News periodicals, “newspapers,” printed on paper are dying.
Not that this news about the news is news — not after Newsweek was literally sold for a dollar. Understanding why the newspapers are dying isn’t hard either; it’s the internet that’s killing them. Where it gets interesting is why the internet is killing newspapers.
If we want to understand that, first we need to dispose of some media mythology. Since the ’60s (at least) journalists have wanted to proclaim themselves a sort of secular priesthood, above bias, unaffected by politics, objective and aloof; most news organizations took great pains to say they had completely disconnected the newsroom from any hint of mere trade — although journalists took much pride in doing things that sold papers.
Well, forget it. As a business, newspapers do one thing: they sell advertising. All the content in the newspaper that isn’t advertising is just there because, the company hopes, it will attract people who will then see the advertising. All of the journalism-school preening about how Journalism Is A Profession is a self-important fantasy. So if we want to understand what’s happening to newspapers, it’s the advertising business we want to understand.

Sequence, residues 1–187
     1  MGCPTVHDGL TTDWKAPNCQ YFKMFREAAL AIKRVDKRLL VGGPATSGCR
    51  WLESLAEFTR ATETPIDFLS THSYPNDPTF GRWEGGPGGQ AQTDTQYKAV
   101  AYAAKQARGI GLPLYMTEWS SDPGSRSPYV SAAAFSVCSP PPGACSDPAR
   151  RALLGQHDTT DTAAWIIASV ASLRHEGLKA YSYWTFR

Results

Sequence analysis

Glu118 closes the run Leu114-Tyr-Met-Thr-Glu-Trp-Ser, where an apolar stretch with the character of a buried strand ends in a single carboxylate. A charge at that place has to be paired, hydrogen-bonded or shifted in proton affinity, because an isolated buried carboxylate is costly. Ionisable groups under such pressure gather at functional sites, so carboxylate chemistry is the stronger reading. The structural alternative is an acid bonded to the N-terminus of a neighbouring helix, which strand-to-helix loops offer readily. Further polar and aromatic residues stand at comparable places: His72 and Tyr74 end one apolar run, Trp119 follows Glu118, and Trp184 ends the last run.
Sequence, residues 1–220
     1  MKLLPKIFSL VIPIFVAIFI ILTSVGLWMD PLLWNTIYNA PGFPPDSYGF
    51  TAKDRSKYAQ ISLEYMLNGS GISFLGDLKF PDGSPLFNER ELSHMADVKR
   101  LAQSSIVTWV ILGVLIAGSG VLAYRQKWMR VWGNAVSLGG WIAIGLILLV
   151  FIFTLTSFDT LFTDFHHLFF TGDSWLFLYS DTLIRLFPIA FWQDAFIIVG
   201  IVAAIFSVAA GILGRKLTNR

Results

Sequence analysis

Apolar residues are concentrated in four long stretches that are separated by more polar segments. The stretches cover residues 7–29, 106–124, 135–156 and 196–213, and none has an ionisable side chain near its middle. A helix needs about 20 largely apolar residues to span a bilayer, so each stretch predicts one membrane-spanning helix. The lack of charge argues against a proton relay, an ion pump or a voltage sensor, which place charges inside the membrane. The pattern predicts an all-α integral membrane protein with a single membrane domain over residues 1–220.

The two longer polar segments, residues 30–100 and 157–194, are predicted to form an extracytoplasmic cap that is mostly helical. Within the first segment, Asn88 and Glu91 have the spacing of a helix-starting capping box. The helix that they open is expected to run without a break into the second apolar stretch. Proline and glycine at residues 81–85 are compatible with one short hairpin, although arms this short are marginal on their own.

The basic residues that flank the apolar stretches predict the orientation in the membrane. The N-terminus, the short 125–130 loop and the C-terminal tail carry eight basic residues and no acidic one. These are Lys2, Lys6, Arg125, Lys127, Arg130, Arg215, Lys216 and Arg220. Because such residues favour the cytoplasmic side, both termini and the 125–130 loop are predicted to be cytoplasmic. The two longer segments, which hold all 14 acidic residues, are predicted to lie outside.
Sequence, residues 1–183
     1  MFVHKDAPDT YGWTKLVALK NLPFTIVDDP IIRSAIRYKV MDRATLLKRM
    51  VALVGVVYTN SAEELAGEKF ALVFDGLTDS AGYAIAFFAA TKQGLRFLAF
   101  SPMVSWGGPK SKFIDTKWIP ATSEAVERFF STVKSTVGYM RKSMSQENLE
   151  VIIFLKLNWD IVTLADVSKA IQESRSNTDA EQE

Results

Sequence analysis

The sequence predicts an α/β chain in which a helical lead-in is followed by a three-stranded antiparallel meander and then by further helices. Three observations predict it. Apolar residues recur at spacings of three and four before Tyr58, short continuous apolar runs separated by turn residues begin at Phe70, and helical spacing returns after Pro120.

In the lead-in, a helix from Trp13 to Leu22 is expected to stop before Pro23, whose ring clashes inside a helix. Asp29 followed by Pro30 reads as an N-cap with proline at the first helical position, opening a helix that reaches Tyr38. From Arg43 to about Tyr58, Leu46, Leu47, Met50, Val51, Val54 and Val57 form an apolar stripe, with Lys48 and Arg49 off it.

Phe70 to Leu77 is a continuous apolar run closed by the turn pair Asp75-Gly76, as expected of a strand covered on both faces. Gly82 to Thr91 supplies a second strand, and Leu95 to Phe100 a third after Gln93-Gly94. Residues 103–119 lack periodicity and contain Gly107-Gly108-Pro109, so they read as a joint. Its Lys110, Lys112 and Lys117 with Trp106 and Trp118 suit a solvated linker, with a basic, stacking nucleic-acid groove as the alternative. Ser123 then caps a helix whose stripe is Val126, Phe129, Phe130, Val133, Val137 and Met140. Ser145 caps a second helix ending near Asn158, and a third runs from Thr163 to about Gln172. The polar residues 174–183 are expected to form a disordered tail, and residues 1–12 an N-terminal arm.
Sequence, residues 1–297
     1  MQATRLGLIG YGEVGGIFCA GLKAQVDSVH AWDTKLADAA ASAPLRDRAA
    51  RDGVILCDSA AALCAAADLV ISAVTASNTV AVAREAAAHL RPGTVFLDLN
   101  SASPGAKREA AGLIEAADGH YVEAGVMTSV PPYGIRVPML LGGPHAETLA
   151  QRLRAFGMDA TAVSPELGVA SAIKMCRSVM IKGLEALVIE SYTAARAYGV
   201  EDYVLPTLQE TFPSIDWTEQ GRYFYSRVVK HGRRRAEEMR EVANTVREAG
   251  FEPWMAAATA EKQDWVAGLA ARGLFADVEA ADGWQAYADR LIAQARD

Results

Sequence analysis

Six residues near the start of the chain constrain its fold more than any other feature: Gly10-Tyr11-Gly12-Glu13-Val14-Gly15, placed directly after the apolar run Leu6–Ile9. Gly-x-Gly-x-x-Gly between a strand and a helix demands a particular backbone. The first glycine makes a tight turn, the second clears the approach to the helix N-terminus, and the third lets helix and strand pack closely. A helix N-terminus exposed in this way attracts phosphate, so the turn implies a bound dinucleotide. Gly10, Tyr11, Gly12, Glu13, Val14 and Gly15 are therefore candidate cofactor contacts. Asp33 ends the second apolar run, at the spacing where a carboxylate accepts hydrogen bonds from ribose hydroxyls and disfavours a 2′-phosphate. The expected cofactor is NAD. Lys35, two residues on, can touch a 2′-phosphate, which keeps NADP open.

Stripped to its basics, advertising is simply a way to let people who might buy your widget know that you’re selling a widget. The smallest, simplest form of advertising is the guy going door to door selling vacuum cleaners. (Younger readers: yes, they really did that. Honest.) You had vacuum cleaners to sell, so you went door to door, asking for the lady of the house, and demonstrating how well your vacuum cleaners, well, sucked.
Now, anyone who has tried this knows that a pretty large proportion of the ladies of the house just said “no thanks.” A good salesman learned what neighborhoods to visit and what houses to choose to have the best chance of making a sale, and a really effective salesman learned how to make their product so attractive that they got from simply getting in the door to leaving with a check. And every salesman learns you have to expect a lot of “noes” for every “yes.”